Both Iraq and Afghanistan definately qualify as state entities, though. Even under the Taliban regime, Afghanistan was capable of entering into diplomatic agreements. And few would argue that the Hussein regime was not a state actor. Those could have been accomplished with an actual Declaration of War quite easily and legally. Instead, they took the easy way out, using a simple AUMF under the War Powers Resolution of 1973.

    But when it comes to al Qaeda itself, the AUMF was all that Congress could reasonably do. Non-state actor, not bound by geographic borders, national criminal case rather than geopolitical… al Qaeda simply does not conform with the rules of international war, so it would have been senseless to go through an actual declaration against them.

    Also, seeing as how Sen. J. R. 23 did not name a specific target outside of those “nations, organizations, or persons he determines planned, authorized, committed, or aided the terrorist attacks that occurred on September 11, 2001,” that rather nebulous target sample has allowed them to legally stretch the AUMF to include Iraq. Unlike Afghanistan, in which the Taliban were part and parcel of the al Qaeda network, all the President had to do was determine that Iraq was part and parcel of the 9/11 attacks and he could make the call of weapons-free and green-light.

    And as I put it here, that’s the weaseling path of doing things. The Iraq issue deserved its own formal DOW. As would Iran, Syria, Pakistan, North Korea (Actually, no. We still haven’t finalized a peace treaty with North Korea, so the US could resume active operations against the PRK at any given notice, particularly seeing as how we could view their LRBM developments as a hostile act. Probably also why they’ve still been bankrupting themselves with military growth after all these years.), or anyone else that Junior wishes to blow to smithereenies.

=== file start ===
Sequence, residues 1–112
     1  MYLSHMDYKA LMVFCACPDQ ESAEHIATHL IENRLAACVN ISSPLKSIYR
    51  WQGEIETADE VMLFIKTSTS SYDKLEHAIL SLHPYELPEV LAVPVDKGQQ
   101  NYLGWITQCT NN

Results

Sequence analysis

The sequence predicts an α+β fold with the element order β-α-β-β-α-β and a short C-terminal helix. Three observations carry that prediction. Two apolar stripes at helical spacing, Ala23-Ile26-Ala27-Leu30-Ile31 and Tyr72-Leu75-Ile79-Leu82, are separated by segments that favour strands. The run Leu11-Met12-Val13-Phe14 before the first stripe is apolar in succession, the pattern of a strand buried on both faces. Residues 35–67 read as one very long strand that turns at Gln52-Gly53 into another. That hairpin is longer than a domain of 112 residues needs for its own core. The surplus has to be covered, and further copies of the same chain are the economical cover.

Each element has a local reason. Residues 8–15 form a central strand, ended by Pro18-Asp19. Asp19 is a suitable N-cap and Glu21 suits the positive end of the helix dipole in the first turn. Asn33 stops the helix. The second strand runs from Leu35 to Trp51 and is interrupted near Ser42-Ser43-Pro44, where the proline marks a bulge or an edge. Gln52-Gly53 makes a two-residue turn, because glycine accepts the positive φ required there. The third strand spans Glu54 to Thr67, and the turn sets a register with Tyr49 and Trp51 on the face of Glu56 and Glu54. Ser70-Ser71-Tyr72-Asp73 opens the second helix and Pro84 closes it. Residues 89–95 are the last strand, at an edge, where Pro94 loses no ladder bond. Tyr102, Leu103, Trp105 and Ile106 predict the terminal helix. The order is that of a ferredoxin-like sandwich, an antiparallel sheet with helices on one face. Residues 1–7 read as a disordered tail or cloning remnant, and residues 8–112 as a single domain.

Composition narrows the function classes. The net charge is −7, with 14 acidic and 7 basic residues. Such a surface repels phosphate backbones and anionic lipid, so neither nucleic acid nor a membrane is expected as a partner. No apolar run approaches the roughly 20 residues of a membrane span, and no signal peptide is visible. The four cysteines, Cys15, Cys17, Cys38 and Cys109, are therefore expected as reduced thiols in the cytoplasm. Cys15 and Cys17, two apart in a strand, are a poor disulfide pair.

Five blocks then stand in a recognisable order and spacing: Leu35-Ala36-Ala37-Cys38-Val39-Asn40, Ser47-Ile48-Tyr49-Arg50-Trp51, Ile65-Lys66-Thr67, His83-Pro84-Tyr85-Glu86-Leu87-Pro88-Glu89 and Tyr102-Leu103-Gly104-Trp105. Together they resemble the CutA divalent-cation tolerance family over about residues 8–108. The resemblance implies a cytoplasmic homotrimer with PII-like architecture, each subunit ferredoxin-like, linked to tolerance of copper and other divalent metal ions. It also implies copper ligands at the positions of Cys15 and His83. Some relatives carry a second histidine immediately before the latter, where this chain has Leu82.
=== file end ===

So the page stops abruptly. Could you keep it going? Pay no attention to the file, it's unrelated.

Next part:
Comment by Off Colfax — July 1, 2006 @ 3:51 pm | Reply

  31. You’ve already demonstrated that you aren’t serious. Now you appear to be attempting to demonstrate that you aren’t capable of thought.

    I originally signed up at “Creative Destruction” based on the idea that it would be a place for respectful left/right discussion. Lately I’ve been questioning whether or not there’s any reason for me to be posting here at all, largely because of comments like this one.

    Robert, your condescension and rudeness on this thread have been extraordinary, and reprehensible. You’ve convinced me that you’re incapable of intelligent discussion on this issue; if that was your goal, congrats.

    Edited to add: Actually, I don’t think you’re “incapable.” I think you’re unwilling, which is worse.

    Comment by Ampersand — July 2, 2006 @ 9:57 am | Reply

  32. But when it comes to al Qaeda itself, the AUMF was all that Congress could reasonably do.

    I don’t agree. I think it was both too much and too little of them to have done. Too much because, as I stated earlier, it gives Bush (and, presumably, all subsequent presidents) too much power to invade where they please. All a president has to do if he wants to invade a country is make a claim that al Qaeda operates there. As Iraq shows, evidence is not necessary and anyway any president worth his PAC contributions should be able to trump up some sort of “evidence”.

    Too little in that it directs energy and resources away from actions that might actually result in decreased al Qaeda activity. We have a word for non-state actors who committ violent acts. That word is “criminal”. And the way to catch criminals is police work and prophylactic measures to prevent crime, such as improved airport security, etc. Yet Bush is already taking money away from programs that might improve security in NYC and Washington, DC–the only two targets yet attacked in the US. How does this make us safer?

    We still haven’t finalized a peace treaty with North Korea, so the US could resume active operations against the PRK at any given notice, particularly seeing as how we could view their LRBM developments as a hostile act